Fission, in layman's (or "initiate's") terms, is easy enough to understand; a large atom with a lot of protons and neutrons requires a large amount of force provided by the strong interaction to overcome electromagnetism and keep the nucleus together. The necessary energies were imparted to the atom during its formation, which we can replicate to some degree within a nuclear reactor; a combination of heat and fast-moving free protons/neutrons recaptured by the atoms of the fuel turns uranium into plutonium, even as the actual atom-splitting produces much lighter krypton and barium isotopes (or a host of other possibilities, some more likely than others, as with many other types of reactions). That atom-splitting, by the way, reduces the size of the resulting nuclei, and therefore reduces the amount of strong interaction force required to contain them; the leftover energy is released as a high-frequency gamma photon.
Fusion, however, is an odder beast. A fusion reaction requires a large amount of starting energy; enough to strip the electrons off of the deuterium/tritium nuclei and form plasma. That heat is also enough to accelerate the particles fast enough that when they collide, the initial electromagnetic repulsion is overcome and the strong interaction binds them together.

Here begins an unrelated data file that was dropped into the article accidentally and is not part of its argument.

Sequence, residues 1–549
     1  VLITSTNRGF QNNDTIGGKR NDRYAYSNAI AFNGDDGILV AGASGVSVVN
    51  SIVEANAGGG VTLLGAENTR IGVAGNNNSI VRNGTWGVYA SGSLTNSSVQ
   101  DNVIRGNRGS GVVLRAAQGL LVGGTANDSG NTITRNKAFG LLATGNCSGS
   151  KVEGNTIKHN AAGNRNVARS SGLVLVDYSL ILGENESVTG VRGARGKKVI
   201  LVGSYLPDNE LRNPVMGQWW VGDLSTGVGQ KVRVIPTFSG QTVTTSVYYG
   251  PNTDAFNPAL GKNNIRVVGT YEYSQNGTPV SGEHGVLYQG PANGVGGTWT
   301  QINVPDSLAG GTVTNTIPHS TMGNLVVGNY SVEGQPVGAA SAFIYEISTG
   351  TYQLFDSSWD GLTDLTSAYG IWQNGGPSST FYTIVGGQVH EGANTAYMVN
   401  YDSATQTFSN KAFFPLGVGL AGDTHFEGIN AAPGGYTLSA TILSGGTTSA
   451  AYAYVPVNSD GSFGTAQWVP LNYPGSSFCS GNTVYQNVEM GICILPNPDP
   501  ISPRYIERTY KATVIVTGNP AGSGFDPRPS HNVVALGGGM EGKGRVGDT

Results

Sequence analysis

Now, that's a lot of energy required; the Sun's inner core where most of the fusion occurs is estimated to be about 15 million Kelvin. The reaction, however, doesn't seem to release any energy, based at least on this simplistic explanation. Now, obviously that's wrong; pretty much all the energy we have available to us right now is, however indirectly, a result of the Sun bathing us in the energy from nuclear fusion. The rest of it, such as from nuclear fission, is also star-based, via creation of superheavy elements in stellar nucleogenesis.
But where is the source of this energy on the subatomic level? Surely more strong force is required to contain a helium atom than a hydrogen one, because the helium now actually has two protons and must actually overcome the Coulomb force (as opposed to hydrogen, which only has one proton and so the Coulomb force between the proton and its zero-charge neutrons is lesser). So, what imbalance does fusion induce within the nucleus that is then resolved with the release of a photon?